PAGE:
11. OkeeDokee. Mold making can be tricky in some cases. I wanted to make sure that was the case before I went nuts replying. I really suggest you do real research (Youtube is great in this case) to see some of those issues that I see no matter how you turn it. This thing has tons of what is called 'undercuts' that would require multi-part mold. And then techniques such as printing a positive and then casting a soft material such as soft silicon in/around it to make the final negative to cast your soap. And, then, depending on aesthetics, there are things that you can do to ease that pain. And, then, what modeling program would you want to work in. In this case I would avoid any engineering Programs as this model is organic in nature. Volumetrics would be ideal if you are just slicing up an already made model such as the bulldog. Volumetrics are just blindingly fast. Blender actually gives you both Mesh modeling with a lot of tools and volumetrics too. In a way, the best of both worlds.
  12. Why is that link to a sample of a bulldog? Is the soap to look like the bulldog?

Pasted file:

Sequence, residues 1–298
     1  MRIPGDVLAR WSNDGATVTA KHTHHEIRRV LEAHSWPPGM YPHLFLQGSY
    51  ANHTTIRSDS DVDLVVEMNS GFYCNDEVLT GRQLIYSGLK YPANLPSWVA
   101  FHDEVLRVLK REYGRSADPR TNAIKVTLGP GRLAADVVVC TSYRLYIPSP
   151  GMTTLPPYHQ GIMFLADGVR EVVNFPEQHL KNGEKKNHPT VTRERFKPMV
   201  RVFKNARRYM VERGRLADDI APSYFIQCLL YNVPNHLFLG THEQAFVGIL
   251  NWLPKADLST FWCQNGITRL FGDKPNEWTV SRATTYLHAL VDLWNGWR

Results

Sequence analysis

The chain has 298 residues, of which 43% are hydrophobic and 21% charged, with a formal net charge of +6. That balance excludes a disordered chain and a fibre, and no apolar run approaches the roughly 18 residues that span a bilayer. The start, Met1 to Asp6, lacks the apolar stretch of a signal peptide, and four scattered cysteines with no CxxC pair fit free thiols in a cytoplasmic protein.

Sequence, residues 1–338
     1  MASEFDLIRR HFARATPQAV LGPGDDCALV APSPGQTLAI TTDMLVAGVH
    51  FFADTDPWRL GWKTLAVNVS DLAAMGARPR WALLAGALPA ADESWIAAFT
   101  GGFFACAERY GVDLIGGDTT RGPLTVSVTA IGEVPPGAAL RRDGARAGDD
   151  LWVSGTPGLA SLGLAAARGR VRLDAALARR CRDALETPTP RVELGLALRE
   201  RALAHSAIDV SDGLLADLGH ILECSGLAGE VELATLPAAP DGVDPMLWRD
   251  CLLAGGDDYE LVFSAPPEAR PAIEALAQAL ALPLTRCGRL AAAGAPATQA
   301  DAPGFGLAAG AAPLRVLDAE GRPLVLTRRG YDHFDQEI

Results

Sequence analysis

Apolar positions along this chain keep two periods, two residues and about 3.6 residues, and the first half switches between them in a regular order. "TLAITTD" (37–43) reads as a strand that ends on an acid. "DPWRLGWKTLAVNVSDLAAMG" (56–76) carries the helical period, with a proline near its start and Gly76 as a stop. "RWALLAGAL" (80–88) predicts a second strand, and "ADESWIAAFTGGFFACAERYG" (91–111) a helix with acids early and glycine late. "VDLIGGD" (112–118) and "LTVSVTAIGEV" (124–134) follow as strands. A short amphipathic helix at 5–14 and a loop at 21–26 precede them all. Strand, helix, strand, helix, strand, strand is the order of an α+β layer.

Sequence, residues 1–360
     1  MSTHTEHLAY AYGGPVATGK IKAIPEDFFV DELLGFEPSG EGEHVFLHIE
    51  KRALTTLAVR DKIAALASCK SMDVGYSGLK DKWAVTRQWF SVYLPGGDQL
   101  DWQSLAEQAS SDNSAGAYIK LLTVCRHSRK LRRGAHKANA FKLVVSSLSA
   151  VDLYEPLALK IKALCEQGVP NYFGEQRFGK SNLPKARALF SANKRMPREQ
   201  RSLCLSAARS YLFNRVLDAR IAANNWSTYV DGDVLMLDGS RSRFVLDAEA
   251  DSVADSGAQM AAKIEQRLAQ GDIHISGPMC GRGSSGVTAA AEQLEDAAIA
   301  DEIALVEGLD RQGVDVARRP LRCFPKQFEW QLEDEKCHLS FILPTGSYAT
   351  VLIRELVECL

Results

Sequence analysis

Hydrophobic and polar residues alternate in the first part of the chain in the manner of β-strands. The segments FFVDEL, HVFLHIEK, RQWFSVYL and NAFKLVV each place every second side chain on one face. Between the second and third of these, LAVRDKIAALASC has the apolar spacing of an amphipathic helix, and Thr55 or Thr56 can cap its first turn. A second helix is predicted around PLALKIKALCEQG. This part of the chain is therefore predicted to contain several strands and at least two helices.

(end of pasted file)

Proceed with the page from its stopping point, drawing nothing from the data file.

13. Ahhhh, sketchup bites another person in the patootie. Glad you got it sussed out :)
  14. Yeah, that model is seriously messed up. Here is what 3DS Max's STL checker says: 1,425 errors and they are all Open edges. That would be what is call a non-manifold object. Cura is attempting to close the holes by connecting those open edges. I am going to venture that this model was made in sketchup. Or even downloaded. Keep in mind that while downloaded models are free, they are messed up many times. If you made it, I would suggest a program that would create a watertight or manifold object. All edges welded and all vertices welded.
  15. Looking at the video, I will have to echo this comment. You can hear the motors trying to still get the filament to move at full load speed when it has already entered the nozzle. You can see it slow down as it grinds a bit. The biggest problem with this is that while it may still feed, the grinding will create parts of the filament that are pushed outwards and create filament friction from even the smallest amount that increased the effective diameter. And, even if you do not load it far enough to engage the nozzle fully when the motor slows down to 'feeding speed', just flip the lever open and manually feed it into the nozzle and then flip the lever closed again. This will let the feeder work as intended. As for it working up to this point, you may have just gotten lucky. I know that has happened to me a lot on new operations and it is frustrating. Also, flattening on one direction will force out the perpendicular direction as it will still want to keep the overall volume. It is not always the grinding, but usually is as well.